"For the most of us the secret of man still remains to be mastered. What has lain dark in the earlier centuries remains unrevealed. . . . The majority of men will die without caring and without knowing whether man has something divine in him or is a mere skin-bag of flesh, blood, bones nerves and muscles. They are strangers to their own selves.However, to reap the blessings that recovery offers, it is essential that we work to attain the higher levels of "God-consciousness" that are available within us. The 12 Steps require a concerted and daily practice of prayer, meditation and self-examination to do so.
(Paul Brunton, "Discover Yourself," page 133.)
While prayer - like self-examination and, particularly, meditation - is 'good in and of itself' and "can bring much relief and benefit," It is when meditation, self-examination and prayer "are logically related and interwoven" that they provide us with "an unshakeable foundation for living." ("Twelve Steps and Twelve Traditions," page 98.) We begin the process of "self-examination" by writing out a 4th Step moral inventory, and continue to (or continuously) take a "fearless moral inventory" through application of Step 10. In Step 11, both prayer and meditation are required.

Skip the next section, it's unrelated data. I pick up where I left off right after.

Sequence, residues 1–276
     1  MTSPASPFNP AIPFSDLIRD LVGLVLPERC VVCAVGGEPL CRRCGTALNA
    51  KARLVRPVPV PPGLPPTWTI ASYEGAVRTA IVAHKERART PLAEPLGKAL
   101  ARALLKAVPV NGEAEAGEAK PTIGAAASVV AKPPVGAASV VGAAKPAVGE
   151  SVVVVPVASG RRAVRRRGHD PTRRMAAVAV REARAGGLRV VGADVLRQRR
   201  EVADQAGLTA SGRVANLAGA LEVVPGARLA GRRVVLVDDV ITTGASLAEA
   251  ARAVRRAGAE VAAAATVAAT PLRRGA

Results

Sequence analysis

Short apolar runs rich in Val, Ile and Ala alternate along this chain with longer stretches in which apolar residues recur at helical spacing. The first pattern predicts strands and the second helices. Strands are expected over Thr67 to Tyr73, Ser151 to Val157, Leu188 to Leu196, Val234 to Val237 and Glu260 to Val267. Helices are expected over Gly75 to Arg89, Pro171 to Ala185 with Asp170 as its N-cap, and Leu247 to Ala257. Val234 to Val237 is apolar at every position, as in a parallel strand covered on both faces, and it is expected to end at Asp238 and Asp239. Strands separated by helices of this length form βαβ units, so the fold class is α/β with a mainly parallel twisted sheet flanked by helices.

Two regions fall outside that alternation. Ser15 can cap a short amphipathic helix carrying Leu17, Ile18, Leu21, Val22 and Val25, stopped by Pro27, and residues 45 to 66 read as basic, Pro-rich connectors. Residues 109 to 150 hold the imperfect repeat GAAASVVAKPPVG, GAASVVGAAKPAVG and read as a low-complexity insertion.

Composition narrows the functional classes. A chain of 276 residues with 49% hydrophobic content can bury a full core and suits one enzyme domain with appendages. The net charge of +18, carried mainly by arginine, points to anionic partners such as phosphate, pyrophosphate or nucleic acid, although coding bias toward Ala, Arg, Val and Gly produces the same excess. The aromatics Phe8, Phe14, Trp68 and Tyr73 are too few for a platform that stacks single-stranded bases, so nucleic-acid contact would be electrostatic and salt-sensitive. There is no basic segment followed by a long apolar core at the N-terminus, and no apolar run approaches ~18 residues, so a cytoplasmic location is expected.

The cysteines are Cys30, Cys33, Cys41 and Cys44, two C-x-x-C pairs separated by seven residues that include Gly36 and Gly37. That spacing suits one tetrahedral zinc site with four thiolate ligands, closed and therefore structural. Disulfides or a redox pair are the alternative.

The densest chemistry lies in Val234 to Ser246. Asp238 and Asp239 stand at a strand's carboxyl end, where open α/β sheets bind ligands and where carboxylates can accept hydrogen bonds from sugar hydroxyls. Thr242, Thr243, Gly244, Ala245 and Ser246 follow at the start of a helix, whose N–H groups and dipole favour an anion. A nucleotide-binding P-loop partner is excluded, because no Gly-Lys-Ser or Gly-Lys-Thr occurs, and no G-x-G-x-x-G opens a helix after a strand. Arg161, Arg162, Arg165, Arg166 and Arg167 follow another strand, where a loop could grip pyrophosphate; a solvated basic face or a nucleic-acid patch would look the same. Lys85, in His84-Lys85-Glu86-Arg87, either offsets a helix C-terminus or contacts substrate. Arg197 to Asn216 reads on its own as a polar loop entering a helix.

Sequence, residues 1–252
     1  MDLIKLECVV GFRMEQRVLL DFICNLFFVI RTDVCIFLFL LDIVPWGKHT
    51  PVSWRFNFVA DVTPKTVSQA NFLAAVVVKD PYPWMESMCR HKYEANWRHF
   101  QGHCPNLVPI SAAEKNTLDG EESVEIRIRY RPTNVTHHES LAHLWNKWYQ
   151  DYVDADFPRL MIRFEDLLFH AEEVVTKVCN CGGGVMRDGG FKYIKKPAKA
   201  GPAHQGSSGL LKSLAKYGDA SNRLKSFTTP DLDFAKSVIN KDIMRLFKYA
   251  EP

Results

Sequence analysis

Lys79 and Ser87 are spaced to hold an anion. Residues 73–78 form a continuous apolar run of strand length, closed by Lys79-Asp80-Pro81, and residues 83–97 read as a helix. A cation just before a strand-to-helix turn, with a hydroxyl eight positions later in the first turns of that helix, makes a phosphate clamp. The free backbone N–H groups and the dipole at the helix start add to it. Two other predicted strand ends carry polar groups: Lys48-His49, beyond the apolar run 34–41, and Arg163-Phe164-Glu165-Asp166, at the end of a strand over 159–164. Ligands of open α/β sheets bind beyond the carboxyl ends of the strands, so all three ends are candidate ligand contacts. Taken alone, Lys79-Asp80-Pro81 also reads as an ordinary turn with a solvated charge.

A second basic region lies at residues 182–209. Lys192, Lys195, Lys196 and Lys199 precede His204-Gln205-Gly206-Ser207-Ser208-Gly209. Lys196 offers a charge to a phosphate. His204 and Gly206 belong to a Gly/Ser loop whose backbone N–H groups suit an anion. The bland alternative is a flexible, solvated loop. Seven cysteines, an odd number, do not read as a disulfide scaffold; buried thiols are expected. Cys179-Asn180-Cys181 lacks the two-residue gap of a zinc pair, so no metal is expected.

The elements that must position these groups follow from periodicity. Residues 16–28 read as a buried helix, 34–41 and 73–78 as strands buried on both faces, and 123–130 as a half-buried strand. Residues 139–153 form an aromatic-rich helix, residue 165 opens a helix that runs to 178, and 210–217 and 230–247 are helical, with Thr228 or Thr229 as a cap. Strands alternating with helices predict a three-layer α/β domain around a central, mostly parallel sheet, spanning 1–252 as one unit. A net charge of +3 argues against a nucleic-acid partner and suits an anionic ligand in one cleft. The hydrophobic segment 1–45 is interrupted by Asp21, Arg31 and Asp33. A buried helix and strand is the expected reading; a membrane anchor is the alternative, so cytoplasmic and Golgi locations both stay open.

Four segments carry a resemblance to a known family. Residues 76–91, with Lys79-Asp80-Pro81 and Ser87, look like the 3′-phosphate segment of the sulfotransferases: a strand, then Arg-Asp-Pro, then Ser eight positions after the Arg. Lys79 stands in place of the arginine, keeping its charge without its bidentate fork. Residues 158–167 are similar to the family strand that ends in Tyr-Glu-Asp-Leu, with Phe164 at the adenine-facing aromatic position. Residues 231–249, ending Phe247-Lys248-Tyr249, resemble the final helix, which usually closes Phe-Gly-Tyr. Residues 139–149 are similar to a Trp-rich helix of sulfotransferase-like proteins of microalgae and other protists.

Without consistent and persistent "self-examination, we are blinded to the spiritual reality that we are far greater than, and separate from, that "painful inner dialogue" of our egoic "self." If we are to establish and build a channel to our higher consciousness (or "God-consciousness," as the more religious call this inner resource), we need to discipline our apparent "self" so that it may be "reduced at depth."
Remember the cautionary warning we are given in Step Three of the "Twelve Steps and Twelve Traditions," pp. 39-40: "More sobriety brought about by the admission of alcoholism and by attendance at a few meetings is very good indeed, but it is bound to be a far cry from permanent sobriety and a happy and contented life."
" . . . (N)ot one in a million can think of anything other than phenomena. To the vast majority of men nature appears to be only a changing, whirling, combining mingling mass of change. Few of us ever have a glimpse of the calm sea beneath."
* * * * *
The alcoholic addict in recovery is truly a blessed person . . . and all our suffering was just a blessing we could not see at the time!